Our ship approaches a smooth dome of barren rock, worn clean by several millennia of glacial endeavor, in a lonely Arctic waterway, farm from the nearest human settlement. It’s July 2009, and I’m board the Greenpeace ship Arctic sunrise, on a four-month expedition with glacialogists and climatalogists on Greenland’s glaciers – and how they’re reacting to climate change. I made some lovely images while on board, too, and here’s a blog about Fata Morgana – Mirages in Nares Strait.
Apart from a tiny weather station, there’s feck all here – yet Hans Island has spent decades at the centre of a sometimes surreal territorial dispute.
In fits and starts of childish absurdity, perhaps rivalled only by the Rockall debacle, Hans Island – all 1.3 sq km of it – became Arctic tug-of-lovechild of Canada and Denmark. The two countries – Denmark through its ruling over Greenland – somehow how ended up fighting over this tiny place, spurred on by the media and nationalist sentiments – but recent reports are suggesting that they may carve up the island for once and for all.
Canada, has, for the better part of a century, claimed Hans Island, and therefore dominion over the local geology and resources; the International Court of Justice granted it the island to Greenland in 1933, and therefore Denmark claims it. Then, in the 80s, while both nations were signing an agreement to jointly protect the marine environment in the event of any resource exploitation, a Greenland-based historian bumped into an employee from Canadian Dome Petroleum employee wearing a hat – yes, a hat, with the words “Hans Island NWT” – Northwest Territories. The story broke into Greenlandic papers – it turned out that Dome, unknown to the politicans had been working on Hans Island. Holy war broke out. Not actual war.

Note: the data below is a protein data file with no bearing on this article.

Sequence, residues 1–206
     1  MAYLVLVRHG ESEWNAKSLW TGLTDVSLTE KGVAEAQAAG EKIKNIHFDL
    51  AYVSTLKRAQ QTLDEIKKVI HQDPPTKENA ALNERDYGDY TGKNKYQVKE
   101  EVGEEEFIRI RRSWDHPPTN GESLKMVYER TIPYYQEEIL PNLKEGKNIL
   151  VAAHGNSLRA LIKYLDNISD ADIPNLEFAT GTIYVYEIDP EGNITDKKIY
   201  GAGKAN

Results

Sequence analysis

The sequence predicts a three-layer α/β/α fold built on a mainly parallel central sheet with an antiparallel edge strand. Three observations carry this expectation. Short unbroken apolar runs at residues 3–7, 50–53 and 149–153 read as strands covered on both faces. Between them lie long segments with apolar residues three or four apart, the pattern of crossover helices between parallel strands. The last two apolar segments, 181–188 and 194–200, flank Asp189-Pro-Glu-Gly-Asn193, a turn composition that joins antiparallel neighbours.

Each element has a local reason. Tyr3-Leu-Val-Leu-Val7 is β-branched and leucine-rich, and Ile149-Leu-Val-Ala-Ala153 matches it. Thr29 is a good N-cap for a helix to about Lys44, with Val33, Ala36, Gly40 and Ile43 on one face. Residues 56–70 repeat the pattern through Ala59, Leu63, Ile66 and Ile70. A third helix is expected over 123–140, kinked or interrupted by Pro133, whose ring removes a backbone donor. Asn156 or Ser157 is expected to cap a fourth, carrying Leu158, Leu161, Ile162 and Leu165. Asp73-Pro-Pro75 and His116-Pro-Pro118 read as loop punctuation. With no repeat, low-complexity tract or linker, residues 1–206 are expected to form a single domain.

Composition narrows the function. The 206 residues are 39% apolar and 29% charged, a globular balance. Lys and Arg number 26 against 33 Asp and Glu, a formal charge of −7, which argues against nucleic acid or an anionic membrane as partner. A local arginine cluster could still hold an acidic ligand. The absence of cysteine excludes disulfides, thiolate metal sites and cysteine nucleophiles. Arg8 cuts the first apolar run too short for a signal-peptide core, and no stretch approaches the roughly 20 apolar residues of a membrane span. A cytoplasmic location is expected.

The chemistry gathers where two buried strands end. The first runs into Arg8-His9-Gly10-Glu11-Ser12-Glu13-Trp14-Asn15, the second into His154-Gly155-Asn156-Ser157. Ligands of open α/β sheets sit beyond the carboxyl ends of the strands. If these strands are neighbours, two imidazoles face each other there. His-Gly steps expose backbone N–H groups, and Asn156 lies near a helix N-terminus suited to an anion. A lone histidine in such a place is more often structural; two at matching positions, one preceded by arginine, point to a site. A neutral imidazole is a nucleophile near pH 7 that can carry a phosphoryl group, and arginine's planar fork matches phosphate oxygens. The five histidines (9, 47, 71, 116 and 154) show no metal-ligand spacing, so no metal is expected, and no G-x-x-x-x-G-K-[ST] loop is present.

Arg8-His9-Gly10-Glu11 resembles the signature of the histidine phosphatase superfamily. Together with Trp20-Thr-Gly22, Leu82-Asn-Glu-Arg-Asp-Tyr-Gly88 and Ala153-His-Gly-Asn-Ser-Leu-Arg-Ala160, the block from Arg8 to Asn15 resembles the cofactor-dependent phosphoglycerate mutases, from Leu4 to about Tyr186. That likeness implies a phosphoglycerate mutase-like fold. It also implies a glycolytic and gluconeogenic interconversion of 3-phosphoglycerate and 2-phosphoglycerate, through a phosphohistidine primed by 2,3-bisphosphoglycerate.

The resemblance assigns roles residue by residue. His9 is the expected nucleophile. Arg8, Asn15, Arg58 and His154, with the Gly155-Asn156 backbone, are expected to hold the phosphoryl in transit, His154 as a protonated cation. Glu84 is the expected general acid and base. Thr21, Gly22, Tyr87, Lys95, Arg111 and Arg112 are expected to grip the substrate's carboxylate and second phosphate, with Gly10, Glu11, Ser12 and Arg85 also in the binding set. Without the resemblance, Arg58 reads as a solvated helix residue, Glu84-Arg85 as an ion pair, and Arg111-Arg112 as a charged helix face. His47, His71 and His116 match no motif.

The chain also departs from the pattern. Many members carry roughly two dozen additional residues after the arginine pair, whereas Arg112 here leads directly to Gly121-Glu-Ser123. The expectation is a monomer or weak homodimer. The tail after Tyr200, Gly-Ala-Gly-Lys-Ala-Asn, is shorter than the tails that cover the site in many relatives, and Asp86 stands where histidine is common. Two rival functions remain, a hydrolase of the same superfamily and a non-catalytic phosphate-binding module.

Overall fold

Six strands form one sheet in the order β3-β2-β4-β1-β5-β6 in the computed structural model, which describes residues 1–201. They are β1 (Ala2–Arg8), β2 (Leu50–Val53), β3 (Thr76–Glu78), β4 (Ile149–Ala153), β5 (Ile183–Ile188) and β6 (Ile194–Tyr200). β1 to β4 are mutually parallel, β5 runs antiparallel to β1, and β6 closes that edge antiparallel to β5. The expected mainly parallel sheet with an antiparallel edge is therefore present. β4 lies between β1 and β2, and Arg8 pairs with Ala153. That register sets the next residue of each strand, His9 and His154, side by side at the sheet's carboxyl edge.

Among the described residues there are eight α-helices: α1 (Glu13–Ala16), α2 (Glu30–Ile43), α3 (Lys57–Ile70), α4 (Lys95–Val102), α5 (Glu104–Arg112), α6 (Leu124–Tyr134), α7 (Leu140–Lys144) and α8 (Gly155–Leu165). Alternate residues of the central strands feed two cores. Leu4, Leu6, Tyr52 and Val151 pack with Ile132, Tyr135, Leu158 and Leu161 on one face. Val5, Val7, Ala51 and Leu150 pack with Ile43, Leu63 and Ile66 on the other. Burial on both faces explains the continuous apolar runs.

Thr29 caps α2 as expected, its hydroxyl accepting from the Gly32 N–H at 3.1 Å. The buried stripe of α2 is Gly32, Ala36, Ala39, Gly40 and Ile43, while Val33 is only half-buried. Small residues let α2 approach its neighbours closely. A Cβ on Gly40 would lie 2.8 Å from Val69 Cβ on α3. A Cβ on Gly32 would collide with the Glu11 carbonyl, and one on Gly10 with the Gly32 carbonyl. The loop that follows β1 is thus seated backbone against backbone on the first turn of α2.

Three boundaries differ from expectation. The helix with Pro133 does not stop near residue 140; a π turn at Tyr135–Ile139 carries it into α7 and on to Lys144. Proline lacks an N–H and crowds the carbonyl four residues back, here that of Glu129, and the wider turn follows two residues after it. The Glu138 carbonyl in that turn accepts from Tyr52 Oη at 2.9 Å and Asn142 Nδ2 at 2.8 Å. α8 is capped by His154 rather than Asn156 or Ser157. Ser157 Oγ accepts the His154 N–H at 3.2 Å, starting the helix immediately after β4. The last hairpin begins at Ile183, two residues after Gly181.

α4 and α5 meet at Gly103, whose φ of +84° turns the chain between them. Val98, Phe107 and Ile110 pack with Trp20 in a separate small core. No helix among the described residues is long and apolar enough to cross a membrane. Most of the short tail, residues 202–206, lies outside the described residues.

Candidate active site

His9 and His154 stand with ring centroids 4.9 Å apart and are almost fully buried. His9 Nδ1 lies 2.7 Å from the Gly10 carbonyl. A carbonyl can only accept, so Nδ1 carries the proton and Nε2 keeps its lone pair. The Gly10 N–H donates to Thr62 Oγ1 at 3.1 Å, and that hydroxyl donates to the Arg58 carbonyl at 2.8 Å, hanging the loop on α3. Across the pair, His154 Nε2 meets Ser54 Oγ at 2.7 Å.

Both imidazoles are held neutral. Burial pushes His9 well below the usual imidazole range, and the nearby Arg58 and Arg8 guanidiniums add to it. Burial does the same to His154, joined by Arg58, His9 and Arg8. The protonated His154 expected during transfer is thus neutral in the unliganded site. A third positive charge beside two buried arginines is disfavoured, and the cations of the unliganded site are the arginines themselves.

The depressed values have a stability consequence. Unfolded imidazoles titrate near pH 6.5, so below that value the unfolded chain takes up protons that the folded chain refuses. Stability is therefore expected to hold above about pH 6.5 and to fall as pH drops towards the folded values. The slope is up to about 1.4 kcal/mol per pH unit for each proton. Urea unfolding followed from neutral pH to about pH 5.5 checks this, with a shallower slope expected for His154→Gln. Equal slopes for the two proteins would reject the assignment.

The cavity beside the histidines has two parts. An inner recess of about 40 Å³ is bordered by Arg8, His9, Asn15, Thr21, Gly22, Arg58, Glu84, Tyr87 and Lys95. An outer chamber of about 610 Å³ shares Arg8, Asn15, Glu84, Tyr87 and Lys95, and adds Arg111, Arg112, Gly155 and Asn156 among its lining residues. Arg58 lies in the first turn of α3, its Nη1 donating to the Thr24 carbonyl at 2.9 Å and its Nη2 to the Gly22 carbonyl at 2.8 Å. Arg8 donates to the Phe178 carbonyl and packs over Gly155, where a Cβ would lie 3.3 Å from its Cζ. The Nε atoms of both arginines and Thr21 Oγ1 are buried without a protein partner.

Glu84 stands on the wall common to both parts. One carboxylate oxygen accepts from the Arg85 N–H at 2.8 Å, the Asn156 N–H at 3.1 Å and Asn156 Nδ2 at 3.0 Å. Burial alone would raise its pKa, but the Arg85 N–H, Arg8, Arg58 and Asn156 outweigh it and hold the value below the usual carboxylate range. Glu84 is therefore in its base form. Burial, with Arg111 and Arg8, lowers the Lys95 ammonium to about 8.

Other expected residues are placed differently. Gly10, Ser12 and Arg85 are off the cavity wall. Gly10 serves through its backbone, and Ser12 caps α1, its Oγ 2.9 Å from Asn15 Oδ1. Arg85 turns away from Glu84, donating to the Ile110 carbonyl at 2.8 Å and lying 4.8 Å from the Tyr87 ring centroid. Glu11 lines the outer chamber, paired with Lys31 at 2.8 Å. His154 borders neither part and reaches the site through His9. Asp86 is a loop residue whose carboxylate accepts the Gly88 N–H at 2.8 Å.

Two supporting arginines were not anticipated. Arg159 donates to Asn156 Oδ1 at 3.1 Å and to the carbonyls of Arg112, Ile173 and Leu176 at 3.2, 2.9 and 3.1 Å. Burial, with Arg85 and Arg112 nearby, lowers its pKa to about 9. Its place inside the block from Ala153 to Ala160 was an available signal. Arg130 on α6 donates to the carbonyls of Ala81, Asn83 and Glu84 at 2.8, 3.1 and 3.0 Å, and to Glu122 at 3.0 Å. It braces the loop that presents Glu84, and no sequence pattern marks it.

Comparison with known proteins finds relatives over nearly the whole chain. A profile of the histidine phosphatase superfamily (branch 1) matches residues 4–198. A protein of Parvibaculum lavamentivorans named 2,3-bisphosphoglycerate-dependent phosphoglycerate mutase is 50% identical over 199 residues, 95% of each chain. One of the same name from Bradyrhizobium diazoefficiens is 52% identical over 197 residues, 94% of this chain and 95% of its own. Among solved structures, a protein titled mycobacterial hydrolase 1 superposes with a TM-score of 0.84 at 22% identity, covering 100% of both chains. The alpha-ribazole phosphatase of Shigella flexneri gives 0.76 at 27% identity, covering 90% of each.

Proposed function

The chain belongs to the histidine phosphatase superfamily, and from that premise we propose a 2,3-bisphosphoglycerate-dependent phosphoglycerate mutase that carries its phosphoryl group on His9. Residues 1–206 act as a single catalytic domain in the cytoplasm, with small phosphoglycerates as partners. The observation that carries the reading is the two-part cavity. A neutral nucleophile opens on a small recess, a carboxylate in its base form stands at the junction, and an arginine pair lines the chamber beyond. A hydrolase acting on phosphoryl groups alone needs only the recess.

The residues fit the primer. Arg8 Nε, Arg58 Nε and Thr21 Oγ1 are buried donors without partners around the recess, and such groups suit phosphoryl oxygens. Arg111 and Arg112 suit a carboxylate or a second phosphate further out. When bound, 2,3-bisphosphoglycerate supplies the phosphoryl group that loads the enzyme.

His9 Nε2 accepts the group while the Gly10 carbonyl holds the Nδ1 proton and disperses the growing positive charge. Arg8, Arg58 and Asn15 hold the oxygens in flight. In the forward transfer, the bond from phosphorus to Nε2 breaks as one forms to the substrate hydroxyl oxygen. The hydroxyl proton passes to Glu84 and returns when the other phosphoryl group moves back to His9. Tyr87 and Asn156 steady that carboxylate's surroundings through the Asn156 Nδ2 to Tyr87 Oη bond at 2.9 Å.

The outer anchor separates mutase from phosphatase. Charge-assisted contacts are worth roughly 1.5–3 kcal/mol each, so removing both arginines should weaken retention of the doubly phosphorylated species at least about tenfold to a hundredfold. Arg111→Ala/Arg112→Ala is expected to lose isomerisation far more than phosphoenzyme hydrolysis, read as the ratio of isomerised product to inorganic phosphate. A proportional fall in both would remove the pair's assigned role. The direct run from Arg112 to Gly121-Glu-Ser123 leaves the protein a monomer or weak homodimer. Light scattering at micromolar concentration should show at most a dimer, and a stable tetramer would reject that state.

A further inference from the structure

Apparently – the story is semi-apocryphal – for several years a back and forth spat followed, with Danish representives showing up to plant a flag and oddly, enough leaving a bottle of aquavit or cognac, both of which would be removed by a Canadian delegation some time later, and replaced by a Canadian flag and Canadian whiskey. The Danes are also said to have left a “Welcome to the Danish Island” sign for the Canadians
Zip forward to 2003-2004, when visits by both Danish and Canadian military to Hans Island resulted in more political twists and turns.Canadian defence minister, Bill Graham even visited the island in 2005, causing a diplomatic row to break out, and even a series of Google advertisements claiming the island for both nations, was disowned by the two administrations.
But in 2007, the Canadians finally admitted that the international border is halfway across the bloody 1.3-by-1.2 kilometre island. And in April 2012, National Post journalist Adrian Humphreys – said that Canada was “preparing to go halfsies on hans”. Looking at the Wikipedia entry about the island, it seems that while Humphreys has reported on Hans Island numerous times in the last decade, it’s seems that its his very articles that seem to have served to escalate the tension. No disrespect to Mr Humphreys – it seems that there’s been plenty of people out there willing to take umbrage or nationalistic stances.